Fri 14 Jun 2013
I believe that there is such a genre called ‘the Tarantino movies’. They have a story which is usually a gangster story, but not necessarily. Men in the story are teenagers or they all have teenagers minds, they are addicted to comics and pulp fiction, they love cinema if cinema was invented when the action takes place, there must be a scene in a cinema theater or at least in front of a TV set in these films. Girls are gorgeous and hookers. Morality plays an important role, but is of a special kind. There is a lot of violence in this films, so well filmed that viewers know it’s not true and they have fun watching it. Martial arts are the real art.
Some of the Tarantino films are made by Quentin Tarantino. Some other not. ‘True Romance’ is not, but it’s written by Tarantino, it was made 20 years ago but looks as fresh as if it was made yesterday, which shows that the genre beyond other qualities also has the one of aging nicely. It’s a gangster story, it’s a love story, it’s a crime comedy about a young couple semi-willingly becoming murderers and unwillingly becoming drug dealers, it’s a road movie, it’s a movie about Hollywood. And it’s fun to watch.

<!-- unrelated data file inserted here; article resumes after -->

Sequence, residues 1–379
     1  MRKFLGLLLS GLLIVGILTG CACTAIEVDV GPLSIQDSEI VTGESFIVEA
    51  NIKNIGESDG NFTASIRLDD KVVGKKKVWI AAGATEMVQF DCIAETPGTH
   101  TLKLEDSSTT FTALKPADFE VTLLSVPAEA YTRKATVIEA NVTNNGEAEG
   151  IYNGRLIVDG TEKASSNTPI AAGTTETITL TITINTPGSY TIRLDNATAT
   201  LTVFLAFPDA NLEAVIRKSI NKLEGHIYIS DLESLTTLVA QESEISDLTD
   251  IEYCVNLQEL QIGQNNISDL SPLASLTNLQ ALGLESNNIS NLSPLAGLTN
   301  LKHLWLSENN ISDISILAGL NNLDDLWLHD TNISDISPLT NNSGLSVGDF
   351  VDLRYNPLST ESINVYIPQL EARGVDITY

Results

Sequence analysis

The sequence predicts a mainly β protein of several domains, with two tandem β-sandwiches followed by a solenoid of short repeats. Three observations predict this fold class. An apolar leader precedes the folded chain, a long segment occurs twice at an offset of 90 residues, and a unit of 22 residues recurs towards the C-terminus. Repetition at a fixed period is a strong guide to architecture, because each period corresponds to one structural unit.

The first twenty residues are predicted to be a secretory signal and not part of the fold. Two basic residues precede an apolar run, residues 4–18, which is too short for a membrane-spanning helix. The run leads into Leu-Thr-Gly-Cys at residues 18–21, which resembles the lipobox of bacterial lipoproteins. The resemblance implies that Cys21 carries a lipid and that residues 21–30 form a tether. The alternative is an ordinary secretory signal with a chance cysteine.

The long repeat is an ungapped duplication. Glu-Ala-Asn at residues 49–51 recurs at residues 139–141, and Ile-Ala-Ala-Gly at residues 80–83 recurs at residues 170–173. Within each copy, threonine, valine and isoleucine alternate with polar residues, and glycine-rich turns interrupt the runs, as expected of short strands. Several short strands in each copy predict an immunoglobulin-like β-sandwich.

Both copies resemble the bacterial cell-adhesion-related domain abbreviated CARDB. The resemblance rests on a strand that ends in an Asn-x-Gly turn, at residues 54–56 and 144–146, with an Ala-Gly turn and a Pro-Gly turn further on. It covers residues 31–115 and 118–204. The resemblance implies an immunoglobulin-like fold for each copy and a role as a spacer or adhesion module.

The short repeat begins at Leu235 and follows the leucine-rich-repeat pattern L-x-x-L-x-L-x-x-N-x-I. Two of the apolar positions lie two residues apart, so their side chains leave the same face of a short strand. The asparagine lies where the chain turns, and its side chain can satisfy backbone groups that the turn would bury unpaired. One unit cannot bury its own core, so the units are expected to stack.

There are so many good things in this film that I have a hard time picking which one to list. Dialogs and the musical score (Hans Zimmer – see the list of the films he composed for at IMDb and you will understand why you loved even more some of the best films in Hollywood in the last 30 years) are exquisite. Acting is stellar with the lead exception of Christian Slater which I simply cannot force myself to like. Lucky me, he is paired in the film with Patricia Arquette, and then we have Dennis Hopper, Brad Pitt, James Gandolfini, Christopher Walken, Gary Oldman … wow … each of them in supporting roles hard to forget.
The director of this film is Tony Scott, who died last year. He was among these directors who would never get an Oscar because he just made the films that pleased the crowds. ‘True Romance’ is however much more than a crowd-pleaser, it may be T.Scott’s best and one of the best Tarantino films ever made.